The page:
Yeah. I mean, age is one of those things that you don't really think about as a researcher. You just kind of have it as a control or a covariate in the background. But if you think about the development of HIV as a disease and what these people went through 20 plus years ago and being diagnosed versus being diagnosed today, when it's treatable, it's not a death sentence. It makes sense that their experiences are just totally different. That's definitely what we're seeing.

Carly Hill:

Yeah.

Valerie Earnshaw:

All right. Well, this study with folks living with HIV in Delaware ends up then hopefully being like a nice setup or training ground for you to level up into UDisclose, which is the primary study that the two of you have been working on for. I think it's been three, three years.

Carly Hill:

It has, I thought, yeah. Something like that. 2017, 2018, somewhere there abouts.

Valerie Earnshaw:

Yeah, it was right after you graduated.

Carly Hill:

And I don't remember what year that was.

Dr. Natalie Brousseau:

It's been work.

Carly Hill:

Yeah. It's been a while. Yeah.

Valerie Earnshaw:

All right. So I thought I'd give a little bit of a background on this study for folks. So I started doing work related to stigma and substance use disorders and a little bit around disclosure and disclosure is, as we've defined it in our study, sharing something new about yourself with someone else for the first time. And in this context, it's that year in recovery from a substance use disorder, or that you have a history of a substance use disorder or you're in treatment really like anything related to substance use or substance use disorder. So this was something that I became interested in when I was working in Boston before I got to Delaware and I was doing really like a stigma focus study. But within that, we would always ask people,"well, who knows about your substance use disorder or your treatment." And then we would go on ask them, like,"how did they respond to you? Are you getting stigmatizing reactions or social support or supportive reactions?" And so the disclosure, wasn't a focus of this study. It was kind of like alongside, but... We asked people about it just as a way to get to stigma. But as we were talking to people, I was like, experiences of disclosure are all over the board. Like some of them, some of them didn't go so well. And at the same time that I was doing that, I had a friend who disclosed to me that they were going into treatment and it was like a textbook disclosure. They said,"your friendship means a lot to me. I'm going into treatment. I'm telling you because I want your support." And it blew my mind because I was like,"did someone teach you how to do this?"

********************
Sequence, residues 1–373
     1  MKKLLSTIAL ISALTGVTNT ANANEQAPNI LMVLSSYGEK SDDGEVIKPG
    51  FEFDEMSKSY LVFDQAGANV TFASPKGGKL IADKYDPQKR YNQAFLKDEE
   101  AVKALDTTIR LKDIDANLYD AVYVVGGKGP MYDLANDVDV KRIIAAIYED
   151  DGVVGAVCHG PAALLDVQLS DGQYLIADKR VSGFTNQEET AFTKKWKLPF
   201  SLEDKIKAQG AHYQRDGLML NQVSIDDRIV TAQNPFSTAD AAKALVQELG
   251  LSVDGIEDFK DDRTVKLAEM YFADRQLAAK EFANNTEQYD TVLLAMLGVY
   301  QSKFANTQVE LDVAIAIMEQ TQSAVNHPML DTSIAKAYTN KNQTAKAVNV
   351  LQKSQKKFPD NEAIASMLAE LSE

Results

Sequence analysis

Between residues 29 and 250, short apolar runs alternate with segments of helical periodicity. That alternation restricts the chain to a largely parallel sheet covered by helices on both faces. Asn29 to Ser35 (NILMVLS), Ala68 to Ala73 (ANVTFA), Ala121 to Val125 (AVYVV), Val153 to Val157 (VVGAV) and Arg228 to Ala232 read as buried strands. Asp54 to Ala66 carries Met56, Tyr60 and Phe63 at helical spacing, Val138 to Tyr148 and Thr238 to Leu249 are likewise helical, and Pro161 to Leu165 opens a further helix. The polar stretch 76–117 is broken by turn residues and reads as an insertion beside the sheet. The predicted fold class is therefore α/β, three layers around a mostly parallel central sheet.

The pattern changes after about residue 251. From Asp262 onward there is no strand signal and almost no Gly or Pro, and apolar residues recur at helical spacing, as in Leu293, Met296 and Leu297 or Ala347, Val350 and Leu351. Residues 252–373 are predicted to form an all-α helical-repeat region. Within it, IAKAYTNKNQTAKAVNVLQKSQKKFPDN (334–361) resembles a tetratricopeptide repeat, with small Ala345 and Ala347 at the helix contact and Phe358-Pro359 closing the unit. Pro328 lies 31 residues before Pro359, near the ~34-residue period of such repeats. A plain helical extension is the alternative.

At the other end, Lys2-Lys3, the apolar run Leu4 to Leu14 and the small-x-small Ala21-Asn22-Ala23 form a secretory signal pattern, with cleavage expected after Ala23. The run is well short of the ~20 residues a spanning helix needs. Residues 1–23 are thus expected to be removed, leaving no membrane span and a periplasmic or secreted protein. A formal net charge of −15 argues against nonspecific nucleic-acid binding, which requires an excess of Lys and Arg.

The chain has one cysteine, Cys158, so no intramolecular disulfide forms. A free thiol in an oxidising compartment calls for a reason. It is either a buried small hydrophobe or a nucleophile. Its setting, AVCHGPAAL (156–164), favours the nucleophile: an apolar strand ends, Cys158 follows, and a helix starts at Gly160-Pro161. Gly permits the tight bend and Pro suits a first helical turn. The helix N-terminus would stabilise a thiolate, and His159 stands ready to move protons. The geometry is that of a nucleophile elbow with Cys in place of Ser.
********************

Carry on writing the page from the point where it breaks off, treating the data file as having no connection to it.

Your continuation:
Carly Hill:

And it set you up for such a home run there.

Valerie Earnshaw:

Yeah. There's like nothing. Yeah. Yeah. There's nothing you can do. Yeah. There's nothing you can do in response to that. After being told what a good friend you are, how supportive you are, but be supportive and friendly. So it made me think like,"oh, wow maybe this is something that we can teach people to do." And when would someone have learned how to do this? You know, like this, isn't something you're going to get like in middle school, or I don't know you're gonna get this in other places. So I wrote a grant to study how it is that people disclose that they have a substance use disorder or that they're in treatment. And then part two was to develop a little baby intervention to help people to do it. So that study got funded in Delaware. And luckily we had already done this study together with people living with HIV. I knew what good research chops you both had. And I recruited you into the study, which we called UDisclose, because I think Natalie, was it you who pointed out how we need to name things? Do you wanna explain that?